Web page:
Ancient Egyptian stone might be world's oldest weather bulletin
An inscription carved into a block of Egyptian stone 3,500 years ago is likely one of the globe's most ancient weather reports, researchers say.
While there's no way to know if it was any more accurate that modern forecasters' attempts, it does give new clues into the timeline of certain occurrences in the Middle East millennia ago, experts at the University of Chicago say.
A translation of the 40 lines of text chiseled into a six-foot-tall black of calcite known as the Tempest Stela speaks of darkness, rain and "the sky being in storm without cessation, louder than the cries of the masses," they said.
The darkness and unusual weather described in the inscription were likely caused by a massive volcanic eruption on the Mediterranean island of Thera, now called Santorini, University of Chicago researchers Nadine Moeller and Robert Ritner report in the Journal of Near Eastern Studies.
Because volcano eruptions can impact weather over a large area, the Tera eruption probably would have resulted in significant climate effects in Egypt, they said.
They suggest the finding could change our understanding of a crucial time in history when empires in the Bronze Age were realigning.
The Tempest Stela has been dated to the first pharaoh of Egypt's 18th Dynasty, Ahmose, at the beginning of what's known as the New Kingdom when the empire's power was at its highest.
The new inscription translation suggests Ahmose ruled at a period closer to the eruption of Thera than previously believed, so the correct date of both the stela and the reign of the pharaoh, previously considered as around 1550 B.C., might be 30 or even 50 years earlier.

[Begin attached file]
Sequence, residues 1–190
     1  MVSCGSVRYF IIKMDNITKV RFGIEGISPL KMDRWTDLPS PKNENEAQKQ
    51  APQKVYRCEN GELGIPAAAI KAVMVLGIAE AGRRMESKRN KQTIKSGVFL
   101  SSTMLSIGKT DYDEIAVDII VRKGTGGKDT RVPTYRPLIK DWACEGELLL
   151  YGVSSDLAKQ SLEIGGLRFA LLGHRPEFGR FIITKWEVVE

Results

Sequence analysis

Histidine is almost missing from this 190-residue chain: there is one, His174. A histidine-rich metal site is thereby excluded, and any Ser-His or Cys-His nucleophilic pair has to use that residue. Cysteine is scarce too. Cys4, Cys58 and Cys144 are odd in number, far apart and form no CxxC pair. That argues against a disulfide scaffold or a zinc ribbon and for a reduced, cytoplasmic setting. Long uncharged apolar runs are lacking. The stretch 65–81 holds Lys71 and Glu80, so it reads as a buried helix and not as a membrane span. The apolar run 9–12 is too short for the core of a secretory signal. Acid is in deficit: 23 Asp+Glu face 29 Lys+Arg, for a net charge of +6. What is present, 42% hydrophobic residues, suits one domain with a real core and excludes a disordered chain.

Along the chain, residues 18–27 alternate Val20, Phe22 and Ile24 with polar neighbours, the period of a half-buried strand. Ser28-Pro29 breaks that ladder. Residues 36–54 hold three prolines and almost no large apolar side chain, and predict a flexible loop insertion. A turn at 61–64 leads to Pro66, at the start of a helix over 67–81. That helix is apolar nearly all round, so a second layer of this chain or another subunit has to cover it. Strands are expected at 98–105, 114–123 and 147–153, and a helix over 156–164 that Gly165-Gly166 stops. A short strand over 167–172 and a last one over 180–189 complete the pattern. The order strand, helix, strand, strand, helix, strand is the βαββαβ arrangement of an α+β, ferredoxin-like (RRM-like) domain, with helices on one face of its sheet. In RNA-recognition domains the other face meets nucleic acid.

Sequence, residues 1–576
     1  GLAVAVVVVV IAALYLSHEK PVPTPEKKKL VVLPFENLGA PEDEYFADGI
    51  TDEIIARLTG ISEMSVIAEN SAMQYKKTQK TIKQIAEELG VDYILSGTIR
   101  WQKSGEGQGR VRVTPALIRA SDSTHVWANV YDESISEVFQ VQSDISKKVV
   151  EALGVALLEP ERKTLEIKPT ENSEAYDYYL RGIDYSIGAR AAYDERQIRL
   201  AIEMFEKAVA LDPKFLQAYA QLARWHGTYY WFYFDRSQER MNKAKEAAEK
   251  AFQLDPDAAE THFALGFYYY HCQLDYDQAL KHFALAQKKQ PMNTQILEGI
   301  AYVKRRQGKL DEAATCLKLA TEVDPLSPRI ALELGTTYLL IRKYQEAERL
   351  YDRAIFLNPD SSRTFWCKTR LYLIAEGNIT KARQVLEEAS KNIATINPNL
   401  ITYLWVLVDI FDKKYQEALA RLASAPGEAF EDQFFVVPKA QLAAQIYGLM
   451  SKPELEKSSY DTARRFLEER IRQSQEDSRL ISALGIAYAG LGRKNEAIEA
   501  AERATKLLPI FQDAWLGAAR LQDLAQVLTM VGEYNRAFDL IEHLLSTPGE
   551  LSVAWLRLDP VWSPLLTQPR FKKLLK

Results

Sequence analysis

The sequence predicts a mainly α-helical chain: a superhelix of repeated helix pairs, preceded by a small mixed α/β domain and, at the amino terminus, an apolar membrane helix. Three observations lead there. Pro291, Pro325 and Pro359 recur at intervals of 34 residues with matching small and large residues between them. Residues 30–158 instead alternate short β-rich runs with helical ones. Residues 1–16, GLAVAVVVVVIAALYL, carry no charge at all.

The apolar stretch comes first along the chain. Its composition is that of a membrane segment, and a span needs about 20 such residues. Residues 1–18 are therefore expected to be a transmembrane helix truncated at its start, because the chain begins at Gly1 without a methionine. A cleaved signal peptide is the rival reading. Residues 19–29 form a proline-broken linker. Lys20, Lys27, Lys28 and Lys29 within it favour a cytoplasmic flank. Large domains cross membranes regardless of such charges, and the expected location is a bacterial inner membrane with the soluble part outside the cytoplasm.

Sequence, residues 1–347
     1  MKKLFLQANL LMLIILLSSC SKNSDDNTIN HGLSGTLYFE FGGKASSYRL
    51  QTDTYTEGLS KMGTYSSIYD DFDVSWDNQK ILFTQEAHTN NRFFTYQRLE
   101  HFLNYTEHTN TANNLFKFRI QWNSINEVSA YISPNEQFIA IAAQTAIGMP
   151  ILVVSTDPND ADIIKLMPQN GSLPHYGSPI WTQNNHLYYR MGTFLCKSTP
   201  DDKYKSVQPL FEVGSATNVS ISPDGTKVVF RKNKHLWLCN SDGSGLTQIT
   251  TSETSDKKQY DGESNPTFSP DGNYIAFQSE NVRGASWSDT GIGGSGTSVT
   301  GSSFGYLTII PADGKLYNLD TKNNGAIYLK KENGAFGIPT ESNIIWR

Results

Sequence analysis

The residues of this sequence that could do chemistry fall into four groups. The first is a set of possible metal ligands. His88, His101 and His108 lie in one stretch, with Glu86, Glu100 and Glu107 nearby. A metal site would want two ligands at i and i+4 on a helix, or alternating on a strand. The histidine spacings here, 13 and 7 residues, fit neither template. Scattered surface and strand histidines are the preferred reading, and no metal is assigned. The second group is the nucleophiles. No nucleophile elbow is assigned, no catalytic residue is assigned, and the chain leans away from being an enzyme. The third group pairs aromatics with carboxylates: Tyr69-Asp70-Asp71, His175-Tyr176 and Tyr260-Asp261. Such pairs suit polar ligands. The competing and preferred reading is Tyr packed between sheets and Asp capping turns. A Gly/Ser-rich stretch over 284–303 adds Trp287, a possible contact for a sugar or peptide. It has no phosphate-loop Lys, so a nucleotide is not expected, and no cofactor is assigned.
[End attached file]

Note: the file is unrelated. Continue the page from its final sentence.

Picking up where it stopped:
Radiocarbon testing on wood buried under volcanic ash from the Thera event puts the date for the eruption closer to 621-1605 B.C., the researchers said.
"This is important to scholars of the ancient Near East and eastern Mediterranean, generally because the chronology that archaeologists use is based on the lists of Egyptian pharaohs, and this new information could adjust those dates," Moeller says.
The inscription on the stone says Ahmose himself witnessed the disaster, which resulted in dead bodies floating down the Nile River like "skiffs of papyrus."
Significantly, the inscription refers to events at both Egypt's delta region adjacent to the Mediterranean and areas further south on the Nile.
"This was clearly a major storm, and different from the kinds of heavy rains that Egypt periodically receives," more evidence of a major volcanic event affecting weather over a large region, Ritner said.